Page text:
5. In the rapporteur’s view, it is of paramount importance to adopt a conflict-prevention approach. Inclusive governance provides the best protection against secession claims of national minorities and the Council of Europe Framework Convention for the Protection of National Minorities (ETS No. 157) represents a useful framework in this respect and a tool which is worthy of further promotion.
6. However, it has to be said that when secessionist claims turn violent, the international community, when faced with a total breakdown of the rule of law, cannot blindly support the monopoly on the use of force by those governments which repress or brutally deny the rights of minority groups. Territorial integrity cannot be maintained at any price, and in particular not by the brutal repression of a people in violation of its right to self-determination, which requires national political space for the free pursuit of a people’s social, economic and cultural development.Note
7. On the other hand, the rapporteur observes that the goal of world and regional peace and stability has often ranked higher than the defence of human rights, and this policy risks having effects which are contrary to the desired goal. Groups seeking independence quickly realise that by using violence their demands are more likely to be satisfied, or at least addressed by states, in the name of promoting peace and regional stability.
8. In the face of the growing number of self-determination movements, establishing a clear definition of the right to self-determination and statehood is necessary, although agreement on such a definition will not be easy and even then it is not likely to be conclusive and unequivocal. Instead, a proactive and preventive approach must be taken to promote the full respect by national governments of the right of the people to self-determination, including by providing some form of political autonomy and participation, so as to avoid the emergence of secessionist claims.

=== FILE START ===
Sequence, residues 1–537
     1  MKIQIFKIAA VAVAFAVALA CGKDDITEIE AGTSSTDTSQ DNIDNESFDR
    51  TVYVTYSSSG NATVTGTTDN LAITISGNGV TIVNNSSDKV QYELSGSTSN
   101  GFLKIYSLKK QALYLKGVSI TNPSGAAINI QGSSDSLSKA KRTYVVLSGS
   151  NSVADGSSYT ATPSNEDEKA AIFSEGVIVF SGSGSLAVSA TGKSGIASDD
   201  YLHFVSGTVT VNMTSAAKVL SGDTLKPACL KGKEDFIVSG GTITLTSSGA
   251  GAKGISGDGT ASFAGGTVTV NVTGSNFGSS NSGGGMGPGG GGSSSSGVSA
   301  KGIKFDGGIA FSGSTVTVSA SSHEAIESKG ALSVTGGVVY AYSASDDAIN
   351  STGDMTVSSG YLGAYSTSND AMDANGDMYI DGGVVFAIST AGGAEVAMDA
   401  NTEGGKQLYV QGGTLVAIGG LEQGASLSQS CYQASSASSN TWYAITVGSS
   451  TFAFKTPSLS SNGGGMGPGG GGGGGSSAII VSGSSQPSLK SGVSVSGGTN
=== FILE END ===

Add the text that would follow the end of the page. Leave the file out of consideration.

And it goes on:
9. As stressed by the ICISS in its 2001 report, “it is more than high time for the international community to be doing more to close the gap between rhetorical support for prevention and tangible commitments ... and to exhaust prevention options before rushing to embrace intervention”.
10. Against this backdrop, it is worth recalling that, during the January 2010 part-session, the Political Affairs Committee established a sub-committee on conflict prevention through dialogue and reconciliation, with a view to implementing the recommendations of the Forum on early warning in conflict prevention, which took place in Strasbourg on 24-25 September 2009.
11. The committee will play its part in this debate by making use of its sub-committee to keep under review potential or actual situations of tension or conflict in the member states of the Council of Europe, with a view to identifying possible Assembly contributions and working out possible rapid reaction mechanisms when crises arise.
12. With regard to paragraph 6.2 of the draft resolution, the rapporteur wishes to point out that the majority of European Union member states have, in practice, abandoned their sovereignty in economic and monetary affairs, but have retained their sovereignty in fiscal and social affairs. However, it is acknowledged that European Union policies increasingly affect fiscal and social policy choices at national level.
13. Finally, as far as the amendment to paragraph 7 is concerned, it seems that in certain countries the nationalist and independent movements are usually to be found at the heart of the majority of the population of the state and with regard to the minority of the same state. For example, in Belgium, the nationalist movements are stronger in Flanders than in the French- and German-speaking regions of the country, whilst paradoxically Flanders does not constitute a national minority, the movement being linked more to Flemish history.